There’s no timeframe for when it will launch yet.
Physicist Stephen Hawking and philanthropist Yuri Milner convened at One World Observatory in New York City today to announce a new spacecraft that promises to reach our neighboring star, Alpha Centauri, 20 years after its launch.
The project, called Breakthrough Starshot, will utilize an extremely thin and lightweight material called a LightSail to propel it through space. Instead of wind, the sail will catch light as its source of “fuel.” An array of lasers on Earth will concentrate a beam toward the sail, launched in space from a mothership, to send it on its way. According to Milner, the craft could theoretically reach about 20 percent of lightspeed, or about 100 million miles per hour. The sail will carry a tiny “StarChip” jam-packed with sensors, cameras, and other technology to search for life along the way.
“If Voyager left our planet when humans first left Africa,” Milner said, “it would be arriving to Alpha Centauri just about now.” Alpha Centauri is about 4 light years away from Earth, or roughly 25 trillion miles.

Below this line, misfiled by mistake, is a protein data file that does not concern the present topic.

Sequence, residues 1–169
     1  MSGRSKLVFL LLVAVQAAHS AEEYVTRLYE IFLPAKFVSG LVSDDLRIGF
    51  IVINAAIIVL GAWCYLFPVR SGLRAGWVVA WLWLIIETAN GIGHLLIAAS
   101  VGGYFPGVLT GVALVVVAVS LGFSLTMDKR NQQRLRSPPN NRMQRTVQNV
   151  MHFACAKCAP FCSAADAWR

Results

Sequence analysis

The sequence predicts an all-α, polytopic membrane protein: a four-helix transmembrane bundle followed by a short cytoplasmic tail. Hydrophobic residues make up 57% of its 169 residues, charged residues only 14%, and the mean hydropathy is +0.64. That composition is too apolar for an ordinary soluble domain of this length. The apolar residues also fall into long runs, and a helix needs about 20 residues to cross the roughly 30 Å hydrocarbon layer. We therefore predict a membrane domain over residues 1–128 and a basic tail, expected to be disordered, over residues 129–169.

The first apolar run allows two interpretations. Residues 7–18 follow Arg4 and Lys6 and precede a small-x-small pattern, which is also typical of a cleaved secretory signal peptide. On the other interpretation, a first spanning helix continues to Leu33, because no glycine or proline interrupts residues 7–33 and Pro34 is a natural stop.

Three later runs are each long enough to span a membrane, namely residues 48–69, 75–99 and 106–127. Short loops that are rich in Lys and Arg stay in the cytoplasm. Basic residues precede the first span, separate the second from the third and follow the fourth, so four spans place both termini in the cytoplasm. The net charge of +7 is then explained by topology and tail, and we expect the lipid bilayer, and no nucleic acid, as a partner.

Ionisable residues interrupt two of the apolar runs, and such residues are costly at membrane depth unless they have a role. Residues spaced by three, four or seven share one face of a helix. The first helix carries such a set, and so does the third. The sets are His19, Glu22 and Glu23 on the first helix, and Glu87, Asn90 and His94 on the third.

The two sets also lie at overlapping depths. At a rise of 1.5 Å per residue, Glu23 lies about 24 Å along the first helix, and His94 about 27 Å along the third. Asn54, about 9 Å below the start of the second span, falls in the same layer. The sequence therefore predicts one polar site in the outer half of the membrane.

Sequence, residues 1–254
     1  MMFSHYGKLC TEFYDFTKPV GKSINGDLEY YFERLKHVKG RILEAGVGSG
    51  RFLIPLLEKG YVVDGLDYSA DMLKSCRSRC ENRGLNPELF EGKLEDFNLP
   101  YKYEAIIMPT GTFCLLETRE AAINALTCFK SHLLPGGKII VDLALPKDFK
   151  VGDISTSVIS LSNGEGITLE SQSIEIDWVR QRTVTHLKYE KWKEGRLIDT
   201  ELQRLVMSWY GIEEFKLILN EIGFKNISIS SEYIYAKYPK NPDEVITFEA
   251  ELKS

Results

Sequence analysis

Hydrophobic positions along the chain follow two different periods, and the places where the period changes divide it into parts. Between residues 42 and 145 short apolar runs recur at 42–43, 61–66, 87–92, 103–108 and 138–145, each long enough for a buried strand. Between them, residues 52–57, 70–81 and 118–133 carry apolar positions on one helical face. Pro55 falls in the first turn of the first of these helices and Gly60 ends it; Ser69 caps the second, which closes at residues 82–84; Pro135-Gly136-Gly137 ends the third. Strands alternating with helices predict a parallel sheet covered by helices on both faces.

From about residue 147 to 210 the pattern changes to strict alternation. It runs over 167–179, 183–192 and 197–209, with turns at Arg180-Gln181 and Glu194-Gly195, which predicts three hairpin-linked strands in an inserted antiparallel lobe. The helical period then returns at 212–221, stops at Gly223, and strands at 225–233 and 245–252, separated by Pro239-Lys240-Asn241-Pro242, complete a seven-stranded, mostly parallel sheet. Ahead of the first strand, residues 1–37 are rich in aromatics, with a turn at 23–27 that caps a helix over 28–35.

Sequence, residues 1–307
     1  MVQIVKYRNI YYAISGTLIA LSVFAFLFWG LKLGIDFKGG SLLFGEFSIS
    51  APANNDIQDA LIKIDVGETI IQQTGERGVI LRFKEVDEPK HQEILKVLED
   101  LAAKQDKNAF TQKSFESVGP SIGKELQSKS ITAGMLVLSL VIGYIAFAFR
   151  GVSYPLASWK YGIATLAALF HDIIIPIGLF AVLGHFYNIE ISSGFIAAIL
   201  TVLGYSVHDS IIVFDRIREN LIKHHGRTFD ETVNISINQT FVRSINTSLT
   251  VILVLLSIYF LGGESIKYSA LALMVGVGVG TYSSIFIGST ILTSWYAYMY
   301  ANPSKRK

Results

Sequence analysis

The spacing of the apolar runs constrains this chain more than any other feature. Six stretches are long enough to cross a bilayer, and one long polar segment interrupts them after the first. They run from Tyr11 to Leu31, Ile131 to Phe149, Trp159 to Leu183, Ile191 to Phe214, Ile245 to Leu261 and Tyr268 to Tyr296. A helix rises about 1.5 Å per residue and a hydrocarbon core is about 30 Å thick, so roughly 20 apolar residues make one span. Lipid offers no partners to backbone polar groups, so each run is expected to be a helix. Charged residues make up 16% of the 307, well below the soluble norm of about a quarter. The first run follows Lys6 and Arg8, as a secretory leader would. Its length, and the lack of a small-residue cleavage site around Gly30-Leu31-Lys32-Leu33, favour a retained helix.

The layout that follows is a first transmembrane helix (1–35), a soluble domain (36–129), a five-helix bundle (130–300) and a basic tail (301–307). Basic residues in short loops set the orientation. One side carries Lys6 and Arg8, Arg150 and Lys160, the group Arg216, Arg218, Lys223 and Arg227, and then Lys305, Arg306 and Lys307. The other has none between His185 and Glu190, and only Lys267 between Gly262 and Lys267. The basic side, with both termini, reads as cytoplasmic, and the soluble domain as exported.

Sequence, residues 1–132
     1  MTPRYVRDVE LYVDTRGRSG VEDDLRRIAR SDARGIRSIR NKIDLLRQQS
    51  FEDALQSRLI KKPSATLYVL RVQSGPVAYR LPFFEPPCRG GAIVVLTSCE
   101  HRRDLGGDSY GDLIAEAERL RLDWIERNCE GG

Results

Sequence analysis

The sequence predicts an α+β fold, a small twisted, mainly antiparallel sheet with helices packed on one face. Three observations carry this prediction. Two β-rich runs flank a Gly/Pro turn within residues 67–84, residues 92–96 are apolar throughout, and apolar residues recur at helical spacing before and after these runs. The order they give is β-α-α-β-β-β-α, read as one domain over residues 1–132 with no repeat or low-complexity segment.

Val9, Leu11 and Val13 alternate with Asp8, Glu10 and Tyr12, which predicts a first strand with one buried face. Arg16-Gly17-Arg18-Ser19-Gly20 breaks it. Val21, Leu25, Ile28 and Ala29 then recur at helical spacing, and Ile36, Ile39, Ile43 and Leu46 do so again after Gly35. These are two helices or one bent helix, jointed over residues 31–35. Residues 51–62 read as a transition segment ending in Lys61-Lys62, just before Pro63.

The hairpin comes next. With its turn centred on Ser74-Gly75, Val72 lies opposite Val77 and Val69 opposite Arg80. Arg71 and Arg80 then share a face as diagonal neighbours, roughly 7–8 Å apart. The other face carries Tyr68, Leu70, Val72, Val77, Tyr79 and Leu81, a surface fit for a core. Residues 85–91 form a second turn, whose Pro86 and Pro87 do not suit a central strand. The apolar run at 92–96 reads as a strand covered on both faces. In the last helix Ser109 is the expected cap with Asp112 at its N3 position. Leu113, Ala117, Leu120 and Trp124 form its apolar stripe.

It should cost about $100 million to get Breakthrough Starshot off the ground, but it’s designed to be a proof-of-concept. If successful, it will demonstrate a new way for humans to explore space using unmanned spacecraft.
Pete Worden, the former director of NASA AMES Research Center, will lead the project advised by Milner, Hawking, and a team of scientists and engineers. Mark Zuckerberg will also join Milner and Hawking on the project’s board.
Breakthrough Starshot follows on the heels of another Milner-Hawking collaboration, Breakthrough Listen, a program that surveys the one million closest stars to Earth for evidence of extraterrestrial civilization.
At this point, there’s no set timeline for how long it will take to launch the spacecraft. There are a number of engineering hurdles to clear, in addition to securing the investment to launch such an ambitious project. But the importance of the project is clear.
“Without new methods of propulsion we simply cannot get very far,” Hawking said.
He also said that the “probability is low” that we will find intelligent life. But looking for habitable planets is an equally, if not more, worthwhile endeavor, Hawking said.
“To survive as a species, we must ultimately spread to the stars,” Hawking said. “Today we commit to the next great leap into the cosmos.”
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